BRITAIN has today paid tribute to the inventors of the videotape that was used to record Rik Mayall.
In 1950 American technicians John Mullin and Wayne Johnson developed the grey cellulose strips that 30 years later would finally become useful for something.
Professor Henry Brubaker, of the Institute for Studies, said: “In the 1950s and 60s videotape was used to record variety show duets between Bing Crosby and Petula Clark.
“In the 1970s it was used to preserve depressing things like Northern Ireland and Margaret Thatcher quoting St Francis of Assisi. But in the early 80s video suddenly had a point because now it could be used to record whatever Rik Mayall felt like doing on any given day.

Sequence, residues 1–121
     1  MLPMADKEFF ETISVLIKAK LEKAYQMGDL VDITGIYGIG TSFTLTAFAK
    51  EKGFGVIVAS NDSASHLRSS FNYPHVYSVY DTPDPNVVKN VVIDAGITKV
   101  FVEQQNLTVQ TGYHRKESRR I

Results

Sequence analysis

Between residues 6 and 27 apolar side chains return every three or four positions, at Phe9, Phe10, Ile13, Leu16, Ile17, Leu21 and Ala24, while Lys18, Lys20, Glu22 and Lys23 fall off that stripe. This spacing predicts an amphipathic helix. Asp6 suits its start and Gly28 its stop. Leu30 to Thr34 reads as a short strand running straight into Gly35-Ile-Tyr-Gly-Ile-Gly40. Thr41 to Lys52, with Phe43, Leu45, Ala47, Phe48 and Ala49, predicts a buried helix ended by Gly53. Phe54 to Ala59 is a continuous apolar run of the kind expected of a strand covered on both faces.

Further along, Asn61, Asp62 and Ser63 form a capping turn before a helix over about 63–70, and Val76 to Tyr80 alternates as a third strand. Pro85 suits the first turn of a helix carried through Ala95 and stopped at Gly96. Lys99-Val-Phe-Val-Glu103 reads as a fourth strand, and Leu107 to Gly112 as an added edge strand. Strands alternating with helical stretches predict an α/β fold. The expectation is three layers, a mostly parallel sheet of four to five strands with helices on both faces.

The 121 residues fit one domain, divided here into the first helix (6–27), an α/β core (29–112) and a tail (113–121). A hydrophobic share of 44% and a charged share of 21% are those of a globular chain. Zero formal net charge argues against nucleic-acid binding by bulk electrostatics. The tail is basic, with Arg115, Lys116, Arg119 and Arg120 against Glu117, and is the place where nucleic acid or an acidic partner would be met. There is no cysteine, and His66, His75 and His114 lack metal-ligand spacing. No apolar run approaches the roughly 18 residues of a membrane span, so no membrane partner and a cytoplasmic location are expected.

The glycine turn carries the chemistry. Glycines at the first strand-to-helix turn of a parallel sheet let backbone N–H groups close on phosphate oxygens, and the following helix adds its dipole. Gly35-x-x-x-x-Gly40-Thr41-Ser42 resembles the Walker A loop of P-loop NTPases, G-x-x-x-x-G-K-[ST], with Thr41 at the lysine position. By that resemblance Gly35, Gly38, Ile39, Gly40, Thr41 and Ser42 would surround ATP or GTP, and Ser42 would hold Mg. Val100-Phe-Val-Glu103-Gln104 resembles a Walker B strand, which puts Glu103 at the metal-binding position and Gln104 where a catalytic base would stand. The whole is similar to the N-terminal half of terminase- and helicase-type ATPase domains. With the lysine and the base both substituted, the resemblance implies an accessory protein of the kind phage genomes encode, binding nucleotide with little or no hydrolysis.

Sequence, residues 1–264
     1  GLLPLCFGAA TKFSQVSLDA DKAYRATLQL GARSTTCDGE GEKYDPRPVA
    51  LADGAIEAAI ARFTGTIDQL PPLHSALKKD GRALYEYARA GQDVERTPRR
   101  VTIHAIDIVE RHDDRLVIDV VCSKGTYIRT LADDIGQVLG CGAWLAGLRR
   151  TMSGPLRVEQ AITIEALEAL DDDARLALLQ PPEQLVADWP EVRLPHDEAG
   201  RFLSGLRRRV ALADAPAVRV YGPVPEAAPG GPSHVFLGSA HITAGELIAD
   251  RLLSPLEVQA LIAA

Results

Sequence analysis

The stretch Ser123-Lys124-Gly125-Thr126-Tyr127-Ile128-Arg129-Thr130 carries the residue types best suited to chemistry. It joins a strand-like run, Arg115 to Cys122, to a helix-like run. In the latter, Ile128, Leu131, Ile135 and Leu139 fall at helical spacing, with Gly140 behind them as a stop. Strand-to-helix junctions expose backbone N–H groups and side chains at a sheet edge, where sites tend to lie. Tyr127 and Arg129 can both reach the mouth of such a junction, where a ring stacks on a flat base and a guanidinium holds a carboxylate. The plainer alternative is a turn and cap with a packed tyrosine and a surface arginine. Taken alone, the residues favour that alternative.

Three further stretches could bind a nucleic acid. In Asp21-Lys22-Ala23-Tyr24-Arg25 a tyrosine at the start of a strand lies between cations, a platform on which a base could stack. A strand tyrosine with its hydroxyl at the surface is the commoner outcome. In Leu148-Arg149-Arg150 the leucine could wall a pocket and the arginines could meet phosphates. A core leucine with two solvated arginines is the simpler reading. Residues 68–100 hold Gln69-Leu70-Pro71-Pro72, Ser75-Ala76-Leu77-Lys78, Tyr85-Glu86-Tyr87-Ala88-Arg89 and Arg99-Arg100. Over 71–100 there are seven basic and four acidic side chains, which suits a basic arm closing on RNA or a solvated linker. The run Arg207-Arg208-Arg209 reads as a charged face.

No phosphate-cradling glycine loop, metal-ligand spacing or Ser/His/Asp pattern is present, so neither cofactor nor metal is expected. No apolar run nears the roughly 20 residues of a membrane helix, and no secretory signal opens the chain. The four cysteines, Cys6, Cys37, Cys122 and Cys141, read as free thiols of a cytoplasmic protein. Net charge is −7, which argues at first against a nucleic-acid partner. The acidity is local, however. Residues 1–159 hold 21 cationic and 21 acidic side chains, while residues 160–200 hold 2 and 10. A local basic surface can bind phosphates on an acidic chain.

“If it wasn’t for millions of people using videotape to record Rik Mayall on TV, the whole idea of recording anything would probably have been abandoned.
“The Japanese only invented digital discs because all the videotape had been worn out by people watching Rik Mayall.”